The Lhasa Apso originated in Tibet, and were only bred by holy men and nobles. Thought to bring good luck, this breed was considered to be sacred. For this reason, the Lhasa were used as watchdogs in monasteries for over 2000 years. They are highly intelligent, with keen instinct and acute hearing.
The Lhasa Apso is a hardy and vigorous breed. They are wary and suspicious of strangers. They exude an air of dignity and also comedy. They are considered to be one of the most affectionate breeds with their main function as that of a companion.
Does your Lhasa Apso bark, howl, and cry whenever you leave the house? Separation anxiety
is extreme anxiety experienced by your dog when you are away from him.
The Lhasa Apso displays a dual temperament. They are highly expressive of their love and devotion, but have a mind of their own and want everything their way. They are lively and spirited with spontaneous gaiety. The Lhasa is not recommended for families with small children, or in homes where there are rough or ill behaved children. They make excellent watchdogs because of their heightened sense of hearing. They prefer to be the only pet and thrive on attention. They do not like to be
left alone for extended periods of time. For this reason they are not well suited for a two career family. They have a tendency to bite if angered or surprised.
The Lhasa Apso requires daily brushing to prevent tangles and mats. Their coat, if grown long, is extremely high maintenance. They may be bathed or dry shampooed on a regular basis or as necessary. They are very prone to ear infections and eye problems, so check-ups and regular cleaning are important. The Lhasa is susceptible to skin problems if not kept free of parasites. Kidney disease is the most serious health problem found in this breed.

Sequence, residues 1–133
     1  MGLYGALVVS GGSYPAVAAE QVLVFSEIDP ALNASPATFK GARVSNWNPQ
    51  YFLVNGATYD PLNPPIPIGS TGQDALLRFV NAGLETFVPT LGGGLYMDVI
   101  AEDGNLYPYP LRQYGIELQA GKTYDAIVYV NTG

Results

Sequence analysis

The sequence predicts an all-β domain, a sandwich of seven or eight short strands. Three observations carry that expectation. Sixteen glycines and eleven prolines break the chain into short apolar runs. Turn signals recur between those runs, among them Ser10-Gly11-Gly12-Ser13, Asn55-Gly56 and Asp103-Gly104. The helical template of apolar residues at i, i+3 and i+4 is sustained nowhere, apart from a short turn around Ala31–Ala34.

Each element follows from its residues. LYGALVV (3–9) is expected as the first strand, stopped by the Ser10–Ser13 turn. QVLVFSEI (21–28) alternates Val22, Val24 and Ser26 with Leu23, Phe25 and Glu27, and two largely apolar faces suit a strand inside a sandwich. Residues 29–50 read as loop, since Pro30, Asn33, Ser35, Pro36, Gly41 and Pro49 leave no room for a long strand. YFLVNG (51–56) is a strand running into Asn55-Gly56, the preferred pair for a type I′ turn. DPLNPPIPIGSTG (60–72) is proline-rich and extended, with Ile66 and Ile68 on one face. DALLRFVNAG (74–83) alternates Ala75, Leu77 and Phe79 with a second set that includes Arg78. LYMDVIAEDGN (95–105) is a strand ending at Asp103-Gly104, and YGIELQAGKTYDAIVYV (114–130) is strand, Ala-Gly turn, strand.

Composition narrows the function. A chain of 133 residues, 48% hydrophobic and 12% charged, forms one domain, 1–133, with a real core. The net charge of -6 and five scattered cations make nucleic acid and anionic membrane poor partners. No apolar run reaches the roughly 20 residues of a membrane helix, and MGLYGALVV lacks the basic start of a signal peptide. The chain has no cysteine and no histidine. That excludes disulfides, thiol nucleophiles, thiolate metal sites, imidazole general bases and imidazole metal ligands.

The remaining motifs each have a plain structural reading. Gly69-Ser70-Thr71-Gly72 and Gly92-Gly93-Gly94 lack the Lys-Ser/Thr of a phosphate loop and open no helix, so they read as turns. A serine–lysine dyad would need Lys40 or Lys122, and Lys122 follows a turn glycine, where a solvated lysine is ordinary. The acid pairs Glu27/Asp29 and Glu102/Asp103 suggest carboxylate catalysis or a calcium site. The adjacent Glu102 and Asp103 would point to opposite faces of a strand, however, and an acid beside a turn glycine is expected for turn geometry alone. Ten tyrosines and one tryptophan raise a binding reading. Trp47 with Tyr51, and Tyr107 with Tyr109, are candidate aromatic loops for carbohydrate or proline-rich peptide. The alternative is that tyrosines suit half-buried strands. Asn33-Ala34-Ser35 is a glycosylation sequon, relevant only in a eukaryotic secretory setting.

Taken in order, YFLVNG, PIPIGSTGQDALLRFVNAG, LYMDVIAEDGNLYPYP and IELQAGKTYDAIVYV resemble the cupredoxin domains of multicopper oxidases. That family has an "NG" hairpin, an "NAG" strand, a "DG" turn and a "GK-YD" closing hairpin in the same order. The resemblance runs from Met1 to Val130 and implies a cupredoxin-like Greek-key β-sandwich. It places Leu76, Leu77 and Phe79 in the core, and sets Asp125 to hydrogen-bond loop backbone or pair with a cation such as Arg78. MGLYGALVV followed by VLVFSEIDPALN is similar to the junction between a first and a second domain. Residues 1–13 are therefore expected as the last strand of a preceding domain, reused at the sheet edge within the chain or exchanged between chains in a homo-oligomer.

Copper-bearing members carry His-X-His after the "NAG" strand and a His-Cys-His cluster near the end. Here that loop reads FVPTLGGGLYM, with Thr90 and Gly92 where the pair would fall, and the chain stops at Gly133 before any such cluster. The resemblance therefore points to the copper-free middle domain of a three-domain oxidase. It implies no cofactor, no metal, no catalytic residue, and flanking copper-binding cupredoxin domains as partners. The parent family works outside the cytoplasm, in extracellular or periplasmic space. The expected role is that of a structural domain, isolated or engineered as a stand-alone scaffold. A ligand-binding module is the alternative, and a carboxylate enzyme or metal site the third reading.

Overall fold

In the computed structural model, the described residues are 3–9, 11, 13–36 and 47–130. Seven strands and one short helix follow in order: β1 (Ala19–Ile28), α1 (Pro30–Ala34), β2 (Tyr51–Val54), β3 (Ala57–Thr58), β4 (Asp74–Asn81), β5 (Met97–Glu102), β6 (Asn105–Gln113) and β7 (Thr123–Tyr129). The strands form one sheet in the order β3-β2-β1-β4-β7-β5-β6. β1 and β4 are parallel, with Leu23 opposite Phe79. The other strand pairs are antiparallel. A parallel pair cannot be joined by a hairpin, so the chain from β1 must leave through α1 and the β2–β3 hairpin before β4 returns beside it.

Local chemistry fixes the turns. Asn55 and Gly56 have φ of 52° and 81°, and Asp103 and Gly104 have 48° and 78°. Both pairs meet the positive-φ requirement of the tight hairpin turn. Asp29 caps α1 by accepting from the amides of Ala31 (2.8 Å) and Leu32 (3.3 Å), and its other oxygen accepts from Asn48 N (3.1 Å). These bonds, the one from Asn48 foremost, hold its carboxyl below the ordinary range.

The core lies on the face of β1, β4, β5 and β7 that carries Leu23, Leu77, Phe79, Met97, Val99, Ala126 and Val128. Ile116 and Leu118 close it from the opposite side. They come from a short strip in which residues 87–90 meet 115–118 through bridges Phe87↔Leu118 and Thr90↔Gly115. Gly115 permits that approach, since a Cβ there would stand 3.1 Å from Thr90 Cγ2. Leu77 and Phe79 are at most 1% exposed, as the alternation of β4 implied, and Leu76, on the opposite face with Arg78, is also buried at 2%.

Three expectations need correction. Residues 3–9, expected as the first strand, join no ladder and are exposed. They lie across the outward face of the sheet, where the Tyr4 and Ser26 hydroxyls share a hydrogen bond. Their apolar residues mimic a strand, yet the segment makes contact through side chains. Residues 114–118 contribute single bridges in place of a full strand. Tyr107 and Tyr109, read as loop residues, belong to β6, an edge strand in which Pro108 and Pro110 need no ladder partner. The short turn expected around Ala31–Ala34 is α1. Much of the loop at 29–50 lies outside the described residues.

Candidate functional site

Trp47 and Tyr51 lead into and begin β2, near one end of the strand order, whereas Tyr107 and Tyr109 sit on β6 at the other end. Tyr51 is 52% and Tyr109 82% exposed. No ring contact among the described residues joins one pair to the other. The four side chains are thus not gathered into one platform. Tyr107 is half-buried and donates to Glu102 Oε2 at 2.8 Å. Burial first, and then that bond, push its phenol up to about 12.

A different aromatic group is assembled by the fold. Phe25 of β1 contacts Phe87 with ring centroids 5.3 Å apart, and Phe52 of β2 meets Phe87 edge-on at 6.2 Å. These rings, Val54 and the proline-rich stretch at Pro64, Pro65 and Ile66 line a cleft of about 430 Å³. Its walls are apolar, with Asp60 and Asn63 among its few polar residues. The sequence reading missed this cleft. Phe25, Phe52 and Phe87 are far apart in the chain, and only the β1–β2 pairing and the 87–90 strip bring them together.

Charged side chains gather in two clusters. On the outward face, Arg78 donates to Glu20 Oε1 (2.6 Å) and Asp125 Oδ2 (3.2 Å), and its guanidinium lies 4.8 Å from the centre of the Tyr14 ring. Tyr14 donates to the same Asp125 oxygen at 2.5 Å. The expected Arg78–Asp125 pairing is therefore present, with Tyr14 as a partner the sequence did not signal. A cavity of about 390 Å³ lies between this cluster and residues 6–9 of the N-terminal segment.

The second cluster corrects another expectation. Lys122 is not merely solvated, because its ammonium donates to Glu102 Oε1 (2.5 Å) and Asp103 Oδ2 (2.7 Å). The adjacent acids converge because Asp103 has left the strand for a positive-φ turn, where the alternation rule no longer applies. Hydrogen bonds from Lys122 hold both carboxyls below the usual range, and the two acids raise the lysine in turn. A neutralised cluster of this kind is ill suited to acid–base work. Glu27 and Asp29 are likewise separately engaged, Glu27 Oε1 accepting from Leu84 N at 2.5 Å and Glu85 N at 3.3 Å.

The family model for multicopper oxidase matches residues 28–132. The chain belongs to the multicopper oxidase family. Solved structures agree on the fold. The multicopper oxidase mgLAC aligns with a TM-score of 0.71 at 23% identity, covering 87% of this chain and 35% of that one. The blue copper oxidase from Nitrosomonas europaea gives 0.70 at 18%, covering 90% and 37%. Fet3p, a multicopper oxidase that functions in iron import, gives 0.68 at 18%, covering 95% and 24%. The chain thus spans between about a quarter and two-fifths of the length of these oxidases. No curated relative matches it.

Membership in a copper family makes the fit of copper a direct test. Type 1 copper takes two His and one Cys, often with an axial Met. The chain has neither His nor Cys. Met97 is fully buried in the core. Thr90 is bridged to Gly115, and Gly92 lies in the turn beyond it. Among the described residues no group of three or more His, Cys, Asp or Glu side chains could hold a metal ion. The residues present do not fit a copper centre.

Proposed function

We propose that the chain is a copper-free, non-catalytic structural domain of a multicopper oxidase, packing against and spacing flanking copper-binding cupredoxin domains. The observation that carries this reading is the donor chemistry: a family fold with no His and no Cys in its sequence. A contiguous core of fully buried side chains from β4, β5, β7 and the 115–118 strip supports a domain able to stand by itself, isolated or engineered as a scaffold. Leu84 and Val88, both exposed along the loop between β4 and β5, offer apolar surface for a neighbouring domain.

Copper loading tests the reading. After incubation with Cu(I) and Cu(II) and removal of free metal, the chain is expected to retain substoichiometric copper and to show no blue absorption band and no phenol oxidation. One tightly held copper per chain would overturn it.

If your dog is displaying behavior uncharacteristic of his normal actions, call the Vet
The Lhasa Apso has a heavy double-coat that is draped over the entire body. Their long coat serves as an insulation barrier, keeping them warm in the winter and cool in the summer. The coat grows to floor length, even covering the eyes, which are protected by long eyelashes. The texture of the coat is neither soft nor silky. The Lhasa coat colors
include gold, smoke, parti, and slate. They are average shedders.
The Lhasa Apso typically displays an arrogant and obstinate attitude. They may be difficult to housetrain, so the crate method is recommended. Intense early socialization and obedience are a must. They require firm, assertive and consistent commands, and will respond to praise and reward. The Lhasa will take charge if they are not trained clearly as to who is master. Teaching your dog to sit, lie down, and stay
is vital to the training of your new puppy. There are several accepted methods of house training your new Lhasa Apso puppy.
Consider crate training
if you need to adapt your dog to a safe and confined environment for various safety and comfort reasons.
The Lhasa Apso loves to play indoor games and is quite rambunctious, which largely meets their exercise needs. However, they benefit from outdoor excursions such as a daily walk. They are not suited for outdoor life, so even a small yard is unnecessary. The Lhasa is an excellent apartment and condominium dweller. Socialization
is one of the single most important things you can do for your puppy.
black, white, brown, gray, cream or particolor
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